The end of the poem comes like the worst ending: “it was all a dream.” In this case, we’re brought back to the moment our poem began despite its allusions to another world: “They’re all gone now, even the dead girl — not there to note/ that [Aunt Ella] sits at the edge of a river and sees all that is washed up.” Past and present conjoined for the duration of the poem.
How other than domestic fabulism could women tell these stories; how can writers accurately portray this climate — the intense heat, oppressiveness of heat and culture and history? According to R. T. Smith in “Thriving on Buck & Wing,” the afterword of a special issue of Shenandoah from 2000, “Poets who have a song and a story, a history and a language etched into the land are likely to have a vision which includes the idea of a poem as a ceremony.” So these are poems of ritual and celebration, observance and procedure, even performance, to an extent. These poems resonate off the page, where the fabulist elements can copper up the history and vision and turn ceremony into myth, into legends grounded in everyday actions.
The title of Anna Journey’s “Sappho at the Edge of the Bayou” says it all. We’re given scene and context. A historical figure — Sappho, Greek lyric poet whose work survives in fragments — is placed in the contemporary south. Her name evokes poetry, goddesses, and music. The poem itself begins with a jazz band, at a wedding, but it’s Journey’s language that gives the scene so much more:
Coughed up the jazz band’s brass throats,
weddings are a hollow music
pressed thickly around curls
of the wrought-iron gate,
the cast-solid magnolia.
The metaphors congeal, become as thick as the humidity and we’re so close to it, we can’t focus on any one image but rather feel it all at once: that Southern climate. But our speaker can. By line 5, she shifts into a sort of distanced, authoritative voice claiming, “There is rust/ coppering down the fine/ edges of everything here.” The images within this poem include water, family, superstition, mythology, and birds. We see all that’s broken down and we see it as beautiful. Ultimately, that’s what the fantastic, surreal, fabulist can do at its best.
Domestic fabulism “simultaneously distorts and reveals the true nature of the home, the family, the place of belonging or in many cases, not belonging at all,” writes Sparks. Whiddon builds a world in which Aunt Ella does belong. Ansel Elkins’s “The Girl with Antlers,” however, may never find that place. In this poem, we see the fantastic from a domestic viewpoint. The fabulous and fabulist girl with antlers is raised by “a terrified midwife” who named her “Monster.” Because we have such domestic grounding, we accept that our narrator is naturally a human born with antlers, and Elkins’s tone works is informative rather than exploitive. Like “Riverbodies,” this poem is a celebration of women and story. Our narrator, adopted by a woman and taken to “her mountain home/ high at the end of an abandoned logging road” reads aloud “myths of the Greeks/ while the woodstove roared.” Two women bond while exploring the mythic in a domestic setting. Elkins pushes the domestic fabulous further, beginning the third section:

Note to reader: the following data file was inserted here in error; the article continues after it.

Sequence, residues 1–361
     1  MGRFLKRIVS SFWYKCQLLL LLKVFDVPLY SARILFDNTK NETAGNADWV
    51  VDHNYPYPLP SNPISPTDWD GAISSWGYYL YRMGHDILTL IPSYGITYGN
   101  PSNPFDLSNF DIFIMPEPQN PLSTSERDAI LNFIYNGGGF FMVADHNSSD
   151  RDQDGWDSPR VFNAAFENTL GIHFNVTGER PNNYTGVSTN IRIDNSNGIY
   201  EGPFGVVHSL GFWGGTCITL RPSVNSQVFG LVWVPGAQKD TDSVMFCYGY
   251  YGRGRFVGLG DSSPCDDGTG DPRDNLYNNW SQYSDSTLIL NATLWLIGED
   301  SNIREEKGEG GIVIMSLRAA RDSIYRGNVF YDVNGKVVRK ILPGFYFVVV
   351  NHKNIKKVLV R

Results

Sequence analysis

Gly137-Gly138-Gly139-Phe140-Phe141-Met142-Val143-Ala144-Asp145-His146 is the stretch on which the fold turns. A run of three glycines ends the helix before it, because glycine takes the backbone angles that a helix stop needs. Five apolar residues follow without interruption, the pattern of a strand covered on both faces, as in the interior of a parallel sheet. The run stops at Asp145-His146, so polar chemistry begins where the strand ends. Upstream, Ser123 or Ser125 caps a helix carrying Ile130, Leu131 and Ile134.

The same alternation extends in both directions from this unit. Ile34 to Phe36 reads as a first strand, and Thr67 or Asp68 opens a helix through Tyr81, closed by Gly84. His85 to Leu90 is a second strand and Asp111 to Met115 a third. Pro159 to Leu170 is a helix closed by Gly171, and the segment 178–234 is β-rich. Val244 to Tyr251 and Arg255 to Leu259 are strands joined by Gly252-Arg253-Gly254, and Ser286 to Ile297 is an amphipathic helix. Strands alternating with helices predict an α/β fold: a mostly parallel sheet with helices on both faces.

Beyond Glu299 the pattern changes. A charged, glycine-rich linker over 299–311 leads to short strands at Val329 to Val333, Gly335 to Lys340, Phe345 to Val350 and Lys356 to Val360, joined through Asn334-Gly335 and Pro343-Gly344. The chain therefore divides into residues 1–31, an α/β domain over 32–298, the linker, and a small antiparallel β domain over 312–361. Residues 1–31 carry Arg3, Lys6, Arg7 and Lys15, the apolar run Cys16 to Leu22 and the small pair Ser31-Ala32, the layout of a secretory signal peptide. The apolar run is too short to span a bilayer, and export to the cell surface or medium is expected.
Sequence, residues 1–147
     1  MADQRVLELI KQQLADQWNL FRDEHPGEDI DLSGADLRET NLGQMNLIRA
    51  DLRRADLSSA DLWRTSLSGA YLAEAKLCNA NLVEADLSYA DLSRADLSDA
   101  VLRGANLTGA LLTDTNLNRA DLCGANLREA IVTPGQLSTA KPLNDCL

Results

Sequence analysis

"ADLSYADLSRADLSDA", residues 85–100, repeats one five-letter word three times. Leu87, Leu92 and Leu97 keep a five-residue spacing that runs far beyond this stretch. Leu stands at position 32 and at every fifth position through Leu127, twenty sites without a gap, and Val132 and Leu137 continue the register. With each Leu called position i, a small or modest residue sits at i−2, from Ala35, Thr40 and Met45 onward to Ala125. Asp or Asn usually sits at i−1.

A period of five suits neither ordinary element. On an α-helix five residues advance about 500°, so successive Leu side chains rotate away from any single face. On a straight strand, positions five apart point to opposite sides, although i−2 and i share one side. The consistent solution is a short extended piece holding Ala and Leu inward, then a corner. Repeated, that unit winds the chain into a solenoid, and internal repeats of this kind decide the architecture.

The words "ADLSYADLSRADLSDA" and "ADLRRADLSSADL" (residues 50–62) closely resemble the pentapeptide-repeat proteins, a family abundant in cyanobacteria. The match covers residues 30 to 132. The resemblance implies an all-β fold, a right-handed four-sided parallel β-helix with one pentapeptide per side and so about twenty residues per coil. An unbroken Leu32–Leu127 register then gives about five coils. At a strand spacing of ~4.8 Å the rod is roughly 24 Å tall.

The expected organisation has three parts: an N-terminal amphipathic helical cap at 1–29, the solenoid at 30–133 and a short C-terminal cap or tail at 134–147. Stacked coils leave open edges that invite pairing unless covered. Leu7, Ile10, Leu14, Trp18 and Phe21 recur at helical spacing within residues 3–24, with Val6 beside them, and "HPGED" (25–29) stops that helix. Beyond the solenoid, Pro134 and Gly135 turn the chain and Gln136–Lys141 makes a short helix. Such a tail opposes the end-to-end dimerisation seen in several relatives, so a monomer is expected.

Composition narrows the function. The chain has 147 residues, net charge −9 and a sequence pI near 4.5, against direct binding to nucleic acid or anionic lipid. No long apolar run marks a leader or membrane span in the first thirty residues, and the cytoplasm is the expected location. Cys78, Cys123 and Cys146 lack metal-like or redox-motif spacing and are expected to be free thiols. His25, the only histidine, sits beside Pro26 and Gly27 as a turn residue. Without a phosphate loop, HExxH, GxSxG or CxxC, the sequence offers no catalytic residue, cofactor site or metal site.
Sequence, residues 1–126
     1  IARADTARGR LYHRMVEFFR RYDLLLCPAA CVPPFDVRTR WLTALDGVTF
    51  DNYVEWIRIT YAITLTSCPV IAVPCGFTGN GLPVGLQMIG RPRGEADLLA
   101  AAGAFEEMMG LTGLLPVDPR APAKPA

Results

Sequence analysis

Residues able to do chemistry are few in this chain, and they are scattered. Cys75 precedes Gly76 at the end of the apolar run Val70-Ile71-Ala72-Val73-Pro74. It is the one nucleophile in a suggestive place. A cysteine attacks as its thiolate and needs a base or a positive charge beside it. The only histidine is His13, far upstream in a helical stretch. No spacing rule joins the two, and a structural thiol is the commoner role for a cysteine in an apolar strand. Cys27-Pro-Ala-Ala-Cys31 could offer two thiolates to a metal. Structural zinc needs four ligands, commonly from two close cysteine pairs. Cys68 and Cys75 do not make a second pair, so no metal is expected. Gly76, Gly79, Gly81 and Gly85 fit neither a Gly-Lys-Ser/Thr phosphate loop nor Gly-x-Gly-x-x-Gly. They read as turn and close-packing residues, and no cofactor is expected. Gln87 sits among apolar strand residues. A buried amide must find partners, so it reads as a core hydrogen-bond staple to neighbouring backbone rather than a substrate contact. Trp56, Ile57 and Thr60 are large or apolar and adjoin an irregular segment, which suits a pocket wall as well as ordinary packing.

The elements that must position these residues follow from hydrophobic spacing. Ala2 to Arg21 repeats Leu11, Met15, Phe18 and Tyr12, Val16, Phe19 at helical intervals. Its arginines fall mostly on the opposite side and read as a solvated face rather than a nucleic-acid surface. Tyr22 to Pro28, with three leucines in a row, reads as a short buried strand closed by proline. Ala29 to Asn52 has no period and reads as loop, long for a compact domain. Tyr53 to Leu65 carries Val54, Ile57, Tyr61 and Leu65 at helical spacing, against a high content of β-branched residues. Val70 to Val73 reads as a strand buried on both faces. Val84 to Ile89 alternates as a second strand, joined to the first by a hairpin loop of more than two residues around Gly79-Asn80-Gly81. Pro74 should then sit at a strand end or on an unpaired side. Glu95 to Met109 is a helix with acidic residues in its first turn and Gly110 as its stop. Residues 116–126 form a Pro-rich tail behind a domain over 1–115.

The woman was worried when I would not wear dresses.
I walked naked through the woods.
She hung the wash from my head
on hot summer days when I sat in the sun to read.
It’s a perfectly natural, domestic fantasy. As Sparks says, “domestic fabulism takes the elements of fabulism — the animals that talk, the weather that wills itself into being, the people who can fly — and pulls them in tight, bringing them home.” She doesn’t belong, yet she is home. Women’s literature has found a way to not only create that home but to lay out a welcome mat for the reader, then invite them to the porch for a cold drink.
About her poem, Elkins says, “the mystery of [antler-girl’s] existence inspires uncertainty and terror, and as a result she is deemed monstrous and rejected at birth.” Many women can relate to this character, this poem, this feeling of rejection. It’s an example of how domestic fabulism can offer a way for us to deal with fears, unknowns, and fear of the unknown inside of a familiar place.
There’s a lack of comfort in seeing the darker sides of our lives up close, but there’s also thrill and joy in the fantasy. Domestic fabulism lets us re-experience our customary surroundings in an alien way. Sparks says, “…there is no place like home, but these domestic fabulisms help us mirror home so carefully we’re sure to see and shudder at the slowly spreading cracks.” And those cracks are the rust that’s breaking down what we know, returning us to water, coppering down the fine edges — slowly, yes — but beautifully. In this we find transformation. What we know — the domestic — becomes darker, more broken, and we find an indescribable truth in its surreality. Like Antler-Girl and Elkins, we as readers find power in “dwelling fully in the magic and mystery of [these] strange, wild, weird-and-wonderfully-made sel[ves].”